“Too much of a good thing” seems impossible to apply to tooth brushing, but it turns out, brushing teeth too hard can actually do more harm than good. An estimated ten to 20% of people in the U.S. damage their teeth by brushing too hard in a well-intentioned effort to maintain their oral health. Are you brushing teeth too hard? Keep reading to find out.
What happens if you brush your teeth too hard?
Brushing teeth twice daily is a good practice to get into – if you are brushing correctly. But, overbrushing is a thing. Here are some signs you might be brushing teeth too hard.
Although your teeth are hard and made of bone, your gums are delicate tissue that can be easily damaged by brushing teeth too hard.
When you ply your toothbrush too vigorously, the delicate gum tissue can become:
Eventually it will begin to pull away from the tooth. These receding gums are just the beginning of a host of other dental issues.
Yes, your teeth are strong, but one of the major signs of brushing too hard is sensitive teeth.
Over time, brushing too hard with anything other than a soft-bristled brush can cause enamel to eventually wear away. Once this enamel is gone, nerves are exposed, increasing your tooth sensitivity.
Abscessed tooth or cavity
Once gums pull away from the teeth, spaces open up between teeth and gum. This space can create pockets for bacteria to rest.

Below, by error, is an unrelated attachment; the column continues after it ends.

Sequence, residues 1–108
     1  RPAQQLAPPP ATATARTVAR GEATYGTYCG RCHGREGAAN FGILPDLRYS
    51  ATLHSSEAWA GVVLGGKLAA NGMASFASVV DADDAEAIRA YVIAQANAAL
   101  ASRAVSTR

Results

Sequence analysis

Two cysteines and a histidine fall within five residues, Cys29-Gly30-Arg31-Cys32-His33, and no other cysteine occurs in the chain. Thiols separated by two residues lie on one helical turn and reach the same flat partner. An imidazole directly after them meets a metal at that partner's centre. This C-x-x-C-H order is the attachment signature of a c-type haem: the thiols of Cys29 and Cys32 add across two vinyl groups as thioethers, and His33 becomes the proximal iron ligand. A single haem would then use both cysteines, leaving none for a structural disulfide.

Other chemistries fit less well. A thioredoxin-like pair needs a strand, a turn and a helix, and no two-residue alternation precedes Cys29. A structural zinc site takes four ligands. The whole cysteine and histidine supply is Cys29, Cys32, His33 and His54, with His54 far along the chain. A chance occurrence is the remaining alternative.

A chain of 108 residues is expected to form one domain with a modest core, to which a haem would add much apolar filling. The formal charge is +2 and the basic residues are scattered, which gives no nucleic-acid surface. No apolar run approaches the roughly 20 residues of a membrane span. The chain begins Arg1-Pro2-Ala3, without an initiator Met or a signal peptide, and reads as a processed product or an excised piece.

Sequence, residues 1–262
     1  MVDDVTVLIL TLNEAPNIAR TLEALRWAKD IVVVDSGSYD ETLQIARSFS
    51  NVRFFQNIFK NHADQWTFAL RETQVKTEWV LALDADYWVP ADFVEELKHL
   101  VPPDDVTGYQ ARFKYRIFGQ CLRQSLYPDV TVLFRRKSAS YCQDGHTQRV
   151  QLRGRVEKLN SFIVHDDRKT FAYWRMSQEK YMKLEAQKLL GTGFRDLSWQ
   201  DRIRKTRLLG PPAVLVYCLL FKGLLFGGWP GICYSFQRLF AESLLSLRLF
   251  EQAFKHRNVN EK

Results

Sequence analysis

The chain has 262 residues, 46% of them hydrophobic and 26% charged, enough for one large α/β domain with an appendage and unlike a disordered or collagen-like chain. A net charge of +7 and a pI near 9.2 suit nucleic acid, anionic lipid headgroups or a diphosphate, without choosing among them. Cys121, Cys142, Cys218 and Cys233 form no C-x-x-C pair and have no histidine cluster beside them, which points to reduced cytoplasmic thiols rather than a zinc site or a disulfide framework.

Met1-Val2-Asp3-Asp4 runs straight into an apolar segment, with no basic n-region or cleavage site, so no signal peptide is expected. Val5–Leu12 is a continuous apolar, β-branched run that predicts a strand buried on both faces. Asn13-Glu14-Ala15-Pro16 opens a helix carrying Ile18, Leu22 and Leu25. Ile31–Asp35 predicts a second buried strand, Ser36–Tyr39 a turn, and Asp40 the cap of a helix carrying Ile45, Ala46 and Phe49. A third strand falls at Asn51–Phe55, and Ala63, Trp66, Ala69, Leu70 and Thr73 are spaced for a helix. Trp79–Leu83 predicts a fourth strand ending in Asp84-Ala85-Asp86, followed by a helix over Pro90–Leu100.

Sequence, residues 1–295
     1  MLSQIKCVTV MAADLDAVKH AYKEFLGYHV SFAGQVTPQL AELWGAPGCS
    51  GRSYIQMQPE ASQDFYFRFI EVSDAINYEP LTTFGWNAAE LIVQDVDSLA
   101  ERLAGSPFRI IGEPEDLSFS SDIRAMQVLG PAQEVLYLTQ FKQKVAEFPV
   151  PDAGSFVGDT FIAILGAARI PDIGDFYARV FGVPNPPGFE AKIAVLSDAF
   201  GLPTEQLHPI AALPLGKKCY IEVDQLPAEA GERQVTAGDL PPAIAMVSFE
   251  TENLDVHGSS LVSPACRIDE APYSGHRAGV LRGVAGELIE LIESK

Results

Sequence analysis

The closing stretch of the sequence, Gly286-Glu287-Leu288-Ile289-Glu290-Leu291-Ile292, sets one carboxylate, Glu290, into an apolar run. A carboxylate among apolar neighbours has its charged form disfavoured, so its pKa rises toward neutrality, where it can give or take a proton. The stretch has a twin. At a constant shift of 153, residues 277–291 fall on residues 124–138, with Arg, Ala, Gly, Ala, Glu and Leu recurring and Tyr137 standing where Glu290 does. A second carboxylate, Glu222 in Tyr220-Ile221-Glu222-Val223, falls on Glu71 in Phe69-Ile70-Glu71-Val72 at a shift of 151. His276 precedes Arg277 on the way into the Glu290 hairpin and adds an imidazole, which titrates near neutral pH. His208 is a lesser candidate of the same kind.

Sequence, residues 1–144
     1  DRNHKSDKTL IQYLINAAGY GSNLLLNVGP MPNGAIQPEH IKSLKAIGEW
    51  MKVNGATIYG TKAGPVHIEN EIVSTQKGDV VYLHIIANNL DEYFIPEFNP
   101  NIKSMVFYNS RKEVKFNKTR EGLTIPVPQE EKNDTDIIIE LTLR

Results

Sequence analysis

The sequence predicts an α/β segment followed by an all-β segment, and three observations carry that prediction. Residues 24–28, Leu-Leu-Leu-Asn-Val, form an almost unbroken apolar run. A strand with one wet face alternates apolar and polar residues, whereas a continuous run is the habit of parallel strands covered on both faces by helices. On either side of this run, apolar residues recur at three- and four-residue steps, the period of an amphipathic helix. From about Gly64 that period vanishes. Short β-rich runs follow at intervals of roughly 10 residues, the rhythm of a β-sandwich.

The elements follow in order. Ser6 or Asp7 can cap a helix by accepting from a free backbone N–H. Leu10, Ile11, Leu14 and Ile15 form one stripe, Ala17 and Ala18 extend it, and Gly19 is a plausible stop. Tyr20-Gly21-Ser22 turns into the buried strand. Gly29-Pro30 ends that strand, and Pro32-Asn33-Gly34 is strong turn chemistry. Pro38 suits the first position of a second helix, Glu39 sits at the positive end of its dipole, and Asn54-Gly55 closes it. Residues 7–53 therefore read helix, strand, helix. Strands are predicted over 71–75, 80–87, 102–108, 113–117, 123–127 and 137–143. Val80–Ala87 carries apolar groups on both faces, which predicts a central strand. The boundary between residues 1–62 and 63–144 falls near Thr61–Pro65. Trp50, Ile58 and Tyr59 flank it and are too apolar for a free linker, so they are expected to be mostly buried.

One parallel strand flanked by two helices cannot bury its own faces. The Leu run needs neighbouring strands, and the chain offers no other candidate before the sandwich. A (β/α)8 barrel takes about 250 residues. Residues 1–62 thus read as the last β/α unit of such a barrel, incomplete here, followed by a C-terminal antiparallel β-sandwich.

Once bacteria finds these gingival pockets, they begin to feed and multiply. Eventually, this turns into an abscessed tooth, a pus-filled infection that can be located in the gum or even in the bone.
Tooth decay can also begin when the enamel wears down, opening space for cavity.
Who is most at risk for overbrushing?
There are certain risk factors for brushing teeth too hard. People who favor a medium- or hard-bristled toothbrush are more likely to brush teeth too hard, especially if they are very diligent in their oral hygiene.
Other risk factors for brushing teeth too hard include:
- Genetic predisposition for receding gums: In this case, brushing too hard increases the chances of receding gums occurring.
- Bruxism: Clenching and grinding teeth seems to go hand-in-hand with overbrushing. These two conditions combined can speed up uneven wearing of teeth, causing a more rapid decline in oral health.
- Bite correction with braces: It may be that the emphasis on good oral hygiene while braces are on teeth causes overbrushing once they are removed.
- Obsessive compulsive disorder (OCD): For people with OCD, overbrushing is a possibility. Overbrushing may not be the way this disorder manifests itself, but those who experience OCD may not only brush their teeth too h